13. Visit the 9/11 Memorial
The 9/11 Memorial and Museum is one of the most powerful places you can visit in New York City.
Following the terrorist attacks on September 11, 2001, the area known as Ground Zero was transformed into the 9/11 Memorial & Museum.
The Reflecting Pools are positioned where the original Twin Towers originally stood. Visitors can walk around and see the names of those who died on 9/11 and in the World Trade Center bombing of 1993. Visit the 9/11 Memorial Museum, the Survivor Tree, and the Memorial Glade.
You can choose to walk the grounds on your own and then head into the museum or learn the in-depth history of the day’s events by taking a guided walking tour.
14. Find your new favorite comedian at a comedy show
As famous as Broadway is, NYC is also one of the most incredible destinations to watch up-and-coming comedy talents and well-known comedians.
And, with many of the world’s most renowned comedians getting their start in New York, you never know who will turn up to try out new stuff in an impromptu performance.
- Comedy Cellar – Found in Greenwich Village since 1982, this is one of the most famous comedy bars in the city. They have several shows a night, and the cover is only $25 to reserve your ticket to a show.
- Gotham Comedy Club – This Chelsea club opened in 1996 and has been a staple in the NYC comedy scene ever since. In addition to an excellent line-up, they have top-notch pub food and offer more than 30 different types of vodka.
- Caroline’s on Broadway – Up in Midtown in the Theater District, Caroline’s has been home to excellent comedy since 1982. The club also produces one of the best fall festivals in NYC, the New York Comedy Festival.
- The Stand – Over in Gramercy Park on the east side of Manhattan, The Stand is a relatively new addition to the NYC comedy circuit.
15. Catch a professional sports game
Want to root root root for the home team? If you don’t go, it’s a shame *wink*
New York City has several sports teams encompassing all seasons, so you can catch a home game at one of the city’s stadiums.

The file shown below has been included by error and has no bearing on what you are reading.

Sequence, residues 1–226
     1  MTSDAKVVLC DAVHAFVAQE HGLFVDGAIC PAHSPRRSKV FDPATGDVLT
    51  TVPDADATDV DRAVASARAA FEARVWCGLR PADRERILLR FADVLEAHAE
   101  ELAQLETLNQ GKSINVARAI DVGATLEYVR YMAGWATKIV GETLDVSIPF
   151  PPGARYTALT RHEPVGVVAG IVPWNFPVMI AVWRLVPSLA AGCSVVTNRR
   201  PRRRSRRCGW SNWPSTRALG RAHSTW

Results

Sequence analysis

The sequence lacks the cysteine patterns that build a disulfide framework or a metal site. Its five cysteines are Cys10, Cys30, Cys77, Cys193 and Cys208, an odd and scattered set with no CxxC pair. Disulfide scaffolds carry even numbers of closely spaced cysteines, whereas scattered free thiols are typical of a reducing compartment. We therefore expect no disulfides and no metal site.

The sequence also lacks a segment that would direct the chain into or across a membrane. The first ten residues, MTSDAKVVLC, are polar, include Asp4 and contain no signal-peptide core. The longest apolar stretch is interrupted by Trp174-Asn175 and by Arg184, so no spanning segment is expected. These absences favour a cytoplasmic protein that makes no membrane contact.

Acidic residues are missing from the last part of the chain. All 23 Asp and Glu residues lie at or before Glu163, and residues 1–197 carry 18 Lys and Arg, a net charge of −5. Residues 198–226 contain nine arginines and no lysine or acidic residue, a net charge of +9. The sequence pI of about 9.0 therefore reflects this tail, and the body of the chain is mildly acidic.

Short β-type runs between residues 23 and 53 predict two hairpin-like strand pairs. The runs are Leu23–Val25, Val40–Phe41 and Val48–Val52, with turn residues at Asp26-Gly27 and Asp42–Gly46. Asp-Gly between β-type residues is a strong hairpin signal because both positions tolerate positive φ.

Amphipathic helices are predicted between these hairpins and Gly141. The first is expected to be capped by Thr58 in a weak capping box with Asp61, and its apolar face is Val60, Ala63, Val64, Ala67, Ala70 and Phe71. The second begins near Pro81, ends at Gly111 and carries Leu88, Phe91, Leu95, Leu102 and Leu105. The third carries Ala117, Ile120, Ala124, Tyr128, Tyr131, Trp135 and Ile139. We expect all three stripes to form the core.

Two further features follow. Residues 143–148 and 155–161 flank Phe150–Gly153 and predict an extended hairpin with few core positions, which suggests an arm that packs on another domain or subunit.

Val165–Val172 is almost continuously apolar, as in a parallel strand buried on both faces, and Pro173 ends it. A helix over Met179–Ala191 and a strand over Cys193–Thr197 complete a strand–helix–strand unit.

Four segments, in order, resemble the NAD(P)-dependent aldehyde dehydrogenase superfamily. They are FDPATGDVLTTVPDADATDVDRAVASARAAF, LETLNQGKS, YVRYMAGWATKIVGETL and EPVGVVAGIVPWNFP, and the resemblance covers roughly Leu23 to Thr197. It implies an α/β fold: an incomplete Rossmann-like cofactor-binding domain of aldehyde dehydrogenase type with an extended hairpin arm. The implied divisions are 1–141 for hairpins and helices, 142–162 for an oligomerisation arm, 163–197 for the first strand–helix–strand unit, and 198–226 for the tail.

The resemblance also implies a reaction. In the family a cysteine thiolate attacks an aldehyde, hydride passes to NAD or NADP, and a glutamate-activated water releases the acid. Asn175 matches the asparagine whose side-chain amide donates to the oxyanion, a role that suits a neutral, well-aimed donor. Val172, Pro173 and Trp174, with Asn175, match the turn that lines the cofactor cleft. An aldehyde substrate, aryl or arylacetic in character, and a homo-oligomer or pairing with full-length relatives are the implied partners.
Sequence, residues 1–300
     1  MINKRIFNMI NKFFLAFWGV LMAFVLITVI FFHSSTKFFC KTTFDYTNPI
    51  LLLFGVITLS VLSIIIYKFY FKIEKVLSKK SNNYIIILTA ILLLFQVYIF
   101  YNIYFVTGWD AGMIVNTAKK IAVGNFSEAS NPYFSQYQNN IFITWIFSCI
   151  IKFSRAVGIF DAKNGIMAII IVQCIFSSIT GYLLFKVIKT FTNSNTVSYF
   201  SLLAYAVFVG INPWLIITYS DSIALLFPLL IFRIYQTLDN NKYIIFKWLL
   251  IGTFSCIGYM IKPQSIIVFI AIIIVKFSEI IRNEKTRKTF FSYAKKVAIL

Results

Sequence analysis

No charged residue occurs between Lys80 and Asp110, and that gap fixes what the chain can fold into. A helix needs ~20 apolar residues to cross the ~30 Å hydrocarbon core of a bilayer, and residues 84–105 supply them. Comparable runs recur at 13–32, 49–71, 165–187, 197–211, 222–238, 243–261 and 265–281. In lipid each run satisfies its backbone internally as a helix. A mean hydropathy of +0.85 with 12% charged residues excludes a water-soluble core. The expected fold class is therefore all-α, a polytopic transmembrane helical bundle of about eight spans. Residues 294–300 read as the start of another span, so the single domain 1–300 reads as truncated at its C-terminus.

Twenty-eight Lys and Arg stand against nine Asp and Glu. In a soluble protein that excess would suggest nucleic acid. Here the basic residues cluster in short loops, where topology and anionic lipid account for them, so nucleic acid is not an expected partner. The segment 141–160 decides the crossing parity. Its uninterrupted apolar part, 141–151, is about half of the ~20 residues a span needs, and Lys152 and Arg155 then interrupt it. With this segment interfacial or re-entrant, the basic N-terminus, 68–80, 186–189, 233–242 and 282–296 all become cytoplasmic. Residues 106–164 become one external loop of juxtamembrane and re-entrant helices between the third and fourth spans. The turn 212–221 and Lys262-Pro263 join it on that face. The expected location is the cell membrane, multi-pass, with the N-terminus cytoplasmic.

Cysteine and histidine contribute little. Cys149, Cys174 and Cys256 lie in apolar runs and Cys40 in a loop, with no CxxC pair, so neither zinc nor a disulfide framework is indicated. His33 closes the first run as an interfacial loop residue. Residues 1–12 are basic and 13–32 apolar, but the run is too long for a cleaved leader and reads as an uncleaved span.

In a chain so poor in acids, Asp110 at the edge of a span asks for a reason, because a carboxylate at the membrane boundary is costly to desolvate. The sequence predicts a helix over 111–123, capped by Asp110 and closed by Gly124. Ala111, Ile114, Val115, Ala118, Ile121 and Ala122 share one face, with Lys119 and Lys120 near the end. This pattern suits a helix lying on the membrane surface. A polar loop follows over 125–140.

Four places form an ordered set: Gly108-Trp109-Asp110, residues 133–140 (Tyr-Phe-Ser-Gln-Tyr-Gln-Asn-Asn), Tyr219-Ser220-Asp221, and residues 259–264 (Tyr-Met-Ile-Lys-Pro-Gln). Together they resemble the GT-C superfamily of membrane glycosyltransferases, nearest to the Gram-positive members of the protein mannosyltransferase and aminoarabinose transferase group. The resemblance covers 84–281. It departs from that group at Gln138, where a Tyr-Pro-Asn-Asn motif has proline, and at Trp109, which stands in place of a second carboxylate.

For baseball, we have the New York Yankees and the Mets.
We have the NHL New York Rangers and the Long Islanders for hockey.
For basketball, we have the New York Knicks and Nets.
And for football, we have the NFL’s New York Giants and Jets.
16. Be a studio audience member at your favorite live taping
To fill their theaters, many of your favorite shows that film in front of a live studio audience in New York City have free ticket policies. However, tickets are routinely issued and snapped up months in advance.
If you’re able to plan that far ahead, you should be able to get tickets to your favorite show’s taping. Check 1iota or TVTaping to see what shows have available tickets, and reserve your spot.
You can also attempt securing a stand-by ticket if you’re prepared to get up and stand outside from early morning until late afternoon.
17. Learn about what makes New York such an eclectic city on a full-day walking tour
New York City offers some of the most diverse neighborhoods in the world. From Chinatown to Little Italy, Greenwich Village to Harlem, there’s no shortage of unique places to visit.
And because New York is such a large city, you can easily spend days exploring its many neighborhoods.
But where should you begin? One of those overlooked gems is a walking tour.
You’ll learn the history behind some of the city’s most famous landmarks, and have an opportunity to ask a local, licensed guide for additional recommendations to make the most of your time in NYC.
This 6-hour walking tour covers almost all of Manhattan, starting in Times Square and working your way down the island.
Pro Tip: Remember – tip your tour guides!
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Is New York Overrated?: Wrap-Up
OK, do I think New York City is overrated? Absolutely not. NYC is iconic for a reason.
This city has played a role in some of our modern history’s most important world events.
It’s filled with groundbreaking landmarks, incredible art and culture, and history on literally every street corner.
So before you go, read about this unbelievable city. Take advantage of all the different resources I offer here on The Purposely Lost to learn about things to do in New York City for all different seasons and interests.
While yes, there are some tourist trap attractions that you should avoid in favor of some lesser-known options, everyone needs to come to experience the Big Apple, the City That Never Sleeps, the Concrete Jungle where dreams are made of, at least once in their lifetime.
Then, when you return home, reflect on your trip. Nothing’s perfect, so what was to be desired? What exceeded your expectations? What can’t you wait to do again?
Once you’ve done that, you’ll realize there’s nowhere like New York City.